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Making it easy to blow the whistle

I’ve read a lot about the whistleblowing rules for big banks. Our firm has an open, safe culture where employees feel that they can speak up if something is wrong, should we be doing more?




Whistleblowing rules for banks and other specified larger institutions have been in place since 2016. These rules act as “non-binding guidance” for other firms regulated by the FCA. The question is, if you are one of the other regulated firms how should you be approaching whistleblowing?


We would recommend a two step approach:


1. Benchmark your firm’s approach to whistleblowing against the rules that apply to big banks.


Below is a summary of the main whistleblowing rules, use these as a basis to understand the rigour of your firm’s current approach:

  • Appoint a Senior Manager as the whistleblowers’ champion.

  • Put in place internal whistleblowing arrangements able to handle all types of disclosure from all types of person.

  • Ensure that settlement agreements explain that workers have a legal right to blow the whistle and do not contain warranties from the worker which require them to disclose to the firm that:

o they have made a protected disclosure, or

o they know of no information which could form the basis of a protected disclosure.

  • Tell UK-based employees about the FCA and PRA whistleblowing services.

  • Present a report on whistleblowing to the board at least annually.

  • Inform the regulator if it loses an employment tribunal with a whistleblower.

  • Require its appointed representatives and tied agents to tell their UK-based employees about the regulators’ whistleblowing service.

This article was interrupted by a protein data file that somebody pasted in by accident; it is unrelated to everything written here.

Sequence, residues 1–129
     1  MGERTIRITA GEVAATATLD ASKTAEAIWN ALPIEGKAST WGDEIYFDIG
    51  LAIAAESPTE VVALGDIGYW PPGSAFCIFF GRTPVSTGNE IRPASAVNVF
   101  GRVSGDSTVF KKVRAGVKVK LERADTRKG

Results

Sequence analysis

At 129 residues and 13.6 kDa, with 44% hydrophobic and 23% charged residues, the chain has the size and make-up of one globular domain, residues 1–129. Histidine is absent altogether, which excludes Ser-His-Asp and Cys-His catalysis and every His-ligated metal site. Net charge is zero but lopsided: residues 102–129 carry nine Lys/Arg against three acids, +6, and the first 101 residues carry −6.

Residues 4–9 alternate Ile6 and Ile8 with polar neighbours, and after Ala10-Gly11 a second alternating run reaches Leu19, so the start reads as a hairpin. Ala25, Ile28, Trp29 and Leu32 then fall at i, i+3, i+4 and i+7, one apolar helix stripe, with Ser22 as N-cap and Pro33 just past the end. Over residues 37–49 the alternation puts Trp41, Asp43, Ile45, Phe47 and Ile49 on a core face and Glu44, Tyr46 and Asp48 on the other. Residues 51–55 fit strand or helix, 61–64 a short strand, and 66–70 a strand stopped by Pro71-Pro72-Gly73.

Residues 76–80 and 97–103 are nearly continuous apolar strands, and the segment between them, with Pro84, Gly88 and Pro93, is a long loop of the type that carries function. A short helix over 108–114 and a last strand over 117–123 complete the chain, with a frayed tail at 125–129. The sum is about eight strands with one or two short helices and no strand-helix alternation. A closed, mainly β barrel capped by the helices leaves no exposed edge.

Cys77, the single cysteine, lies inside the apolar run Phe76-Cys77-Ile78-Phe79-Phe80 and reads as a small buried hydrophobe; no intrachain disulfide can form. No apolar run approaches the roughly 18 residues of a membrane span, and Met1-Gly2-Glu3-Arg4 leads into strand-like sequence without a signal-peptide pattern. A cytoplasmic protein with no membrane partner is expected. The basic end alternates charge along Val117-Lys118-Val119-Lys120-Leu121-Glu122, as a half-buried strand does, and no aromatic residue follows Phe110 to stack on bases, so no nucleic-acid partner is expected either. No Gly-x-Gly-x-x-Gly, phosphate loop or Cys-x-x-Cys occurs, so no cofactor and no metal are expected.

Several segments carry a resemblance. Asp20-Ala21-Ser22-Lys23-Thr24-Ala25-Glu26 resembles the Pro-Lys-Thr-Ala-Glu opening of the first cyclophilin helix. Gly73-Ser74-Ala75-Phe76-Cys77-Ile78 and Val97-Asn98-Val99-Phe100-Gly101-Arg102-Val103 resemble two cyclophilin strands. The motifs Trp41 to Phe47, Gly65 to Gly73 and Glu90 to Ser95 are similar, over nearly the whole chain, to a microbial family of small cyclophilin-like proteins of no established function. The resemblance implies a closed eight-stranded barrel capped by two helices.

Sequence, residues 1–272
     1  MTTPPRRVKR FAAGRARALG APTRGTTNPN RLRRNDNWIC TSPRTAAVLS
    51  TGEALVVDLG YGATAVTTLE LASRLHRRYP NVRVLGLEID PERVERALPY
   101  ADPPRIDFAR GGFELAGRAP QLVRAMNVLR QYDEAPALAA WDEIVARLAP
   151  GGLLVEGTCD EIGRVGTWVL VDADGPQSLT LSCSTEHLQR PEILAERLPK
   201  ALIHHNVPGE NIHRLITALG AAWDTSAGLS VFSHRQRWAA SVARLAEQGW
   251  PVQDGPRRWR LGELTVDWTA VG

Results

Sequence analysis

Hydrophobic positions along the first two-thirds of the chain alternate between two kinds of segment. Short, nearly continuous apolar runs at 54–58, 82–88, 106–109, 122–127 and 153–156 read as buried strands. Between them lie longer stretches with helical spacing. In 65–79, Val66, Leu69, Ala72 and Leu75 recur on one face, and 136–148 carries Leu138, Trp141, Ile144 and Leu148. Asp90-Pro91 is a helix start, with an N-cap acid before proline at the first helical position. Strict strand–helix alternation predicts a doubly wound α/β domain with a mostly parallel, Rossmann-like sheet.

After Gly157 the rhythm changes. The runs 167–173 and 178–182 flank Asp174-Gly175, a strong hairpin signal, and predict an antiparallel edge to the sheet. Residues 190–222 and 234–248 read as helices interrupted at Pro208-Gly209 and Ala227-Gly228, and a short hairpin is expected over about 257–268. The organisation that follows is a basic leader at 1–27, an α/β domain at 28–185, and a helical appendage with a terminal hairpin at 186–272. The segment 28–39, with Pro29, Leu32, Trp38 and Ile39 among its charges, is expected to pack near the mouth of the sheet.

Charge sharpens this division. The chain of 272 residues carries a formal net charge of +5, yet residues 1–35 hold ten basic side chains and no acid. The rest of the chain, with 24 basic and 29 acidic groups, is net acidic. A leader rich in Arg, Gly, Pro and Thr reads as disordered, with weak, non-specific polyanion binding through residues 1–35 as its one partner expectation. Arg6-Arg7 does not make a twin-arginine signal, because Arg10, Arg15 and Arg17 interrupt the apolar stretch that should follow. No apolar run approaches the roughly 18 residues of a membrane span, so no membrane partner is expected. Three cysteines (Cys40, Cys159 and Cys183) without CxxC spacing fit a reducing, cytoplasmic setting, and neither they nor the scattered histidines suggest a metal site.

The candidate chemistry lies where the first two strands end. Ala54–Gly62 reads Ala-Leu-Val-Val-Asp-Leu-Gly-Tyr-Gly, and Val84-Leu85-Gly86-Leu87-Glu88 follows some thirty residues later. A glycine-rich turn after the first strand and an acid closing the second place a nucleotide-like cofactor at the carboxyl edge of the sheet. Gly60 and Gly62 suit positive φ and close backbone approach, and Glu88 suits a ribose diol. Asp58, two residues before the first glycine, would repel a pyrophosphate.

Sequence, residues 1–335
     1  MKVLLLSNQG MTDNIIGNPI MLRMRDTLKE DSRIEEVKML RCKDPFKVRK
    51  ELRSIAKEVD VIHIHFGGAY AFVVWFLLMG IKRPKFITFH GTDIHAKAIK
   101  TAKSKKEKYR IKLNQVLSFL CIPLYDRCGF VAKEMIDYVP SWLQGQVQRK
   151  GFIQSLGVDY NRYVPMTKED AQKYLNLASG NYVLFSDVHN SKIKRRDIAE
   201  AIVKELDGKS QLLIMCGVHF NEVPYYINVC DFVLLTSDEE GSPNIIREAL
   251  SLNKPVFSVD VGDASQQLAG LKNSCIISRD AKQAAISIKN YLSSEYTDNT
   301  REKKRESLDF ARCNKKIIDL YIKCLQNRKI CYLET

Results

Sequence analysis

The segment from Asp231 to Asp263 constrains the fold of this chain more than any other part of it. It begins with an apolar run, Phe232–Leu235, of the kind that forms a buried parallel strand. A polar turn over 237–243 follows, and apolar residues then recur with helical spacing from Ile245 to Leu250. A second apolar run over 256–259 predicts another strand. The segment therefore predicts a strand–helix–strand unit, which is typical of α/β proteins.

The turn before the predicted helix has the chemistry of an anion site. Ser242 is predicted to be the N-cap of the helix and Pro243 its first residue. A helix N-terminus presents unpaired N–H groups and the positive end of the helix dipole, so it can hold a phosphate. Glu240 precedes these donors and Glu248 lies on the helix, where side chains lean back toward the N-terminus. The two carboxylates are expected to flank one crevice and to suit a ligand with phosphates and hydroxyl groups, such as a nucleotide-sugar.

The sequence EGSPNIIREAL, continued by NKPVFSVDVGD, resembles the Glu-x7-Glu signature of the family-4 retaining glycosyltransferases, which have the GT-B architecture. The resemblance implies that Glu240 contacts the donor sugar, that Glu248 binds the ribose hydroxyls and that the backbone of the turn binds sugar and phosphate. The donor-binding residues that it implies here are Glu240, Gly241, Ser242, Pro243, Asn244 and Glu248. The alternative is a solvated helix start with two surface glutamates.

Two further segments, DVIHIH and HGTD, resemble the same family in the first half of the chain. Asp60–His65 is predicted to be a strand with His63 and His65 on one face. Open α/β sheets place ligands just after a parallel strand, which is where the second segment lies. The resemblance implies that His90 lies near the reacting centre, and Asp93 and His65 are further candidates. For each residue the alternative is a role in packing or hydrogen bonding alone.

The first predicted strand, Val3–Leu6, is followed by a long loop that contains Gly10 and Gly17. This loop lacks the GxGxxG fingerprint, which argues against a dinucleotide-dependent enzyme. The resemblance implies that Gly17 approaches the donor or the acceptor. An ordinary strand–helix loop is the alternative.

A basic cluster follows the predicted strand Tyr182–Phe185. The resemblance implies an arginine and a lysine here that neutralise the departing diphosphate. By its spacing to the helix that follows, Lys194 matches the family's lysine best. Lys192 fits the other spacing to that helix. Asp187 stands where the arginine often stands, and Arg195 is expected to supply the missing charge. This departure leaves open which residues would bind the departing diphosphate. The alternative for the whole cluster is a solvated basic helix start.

• Include appropriate training for UK-based employees, managers of UK-based employees and employees responsible for operating the firm’s internal arrangements.


2. Look for specific areas of vulnerability


Recent research by Protect (Silence in the City 2) looks at the state of financial services firms’ handling of whistleblowing. It shows up several areas of concern and weakness and these may be useful places to start when looking at whistleblowing within your firm.

The trends identified in the report suggest several potential areas of focus:

  • The report suggests that junior employees are far less likely to raise concerns through internal channels so consider whether further communications and/or training should be targeted towards junior level staff to empower them to raise their concerns.

  • Whistleblowing cases concerning harassment and discrimination are increasing – be vigilant in these areas, ensure that HR have the training and tools to identify broader trends here.

  • Look at your whistleblowing data and reports carefully to identify broader issues and to understand why others affected by these problems did not step forward. This could be down to a lack of awareness of whistleblowing processes or a feeling of a lack of safety.

  • Victimisation of whistleblowers is a growing problem. Use your general staff training to explain what victimisation is and how cases will be dealt with. You could also consider implementing a process of ongoing support for a whistleblower for several months.

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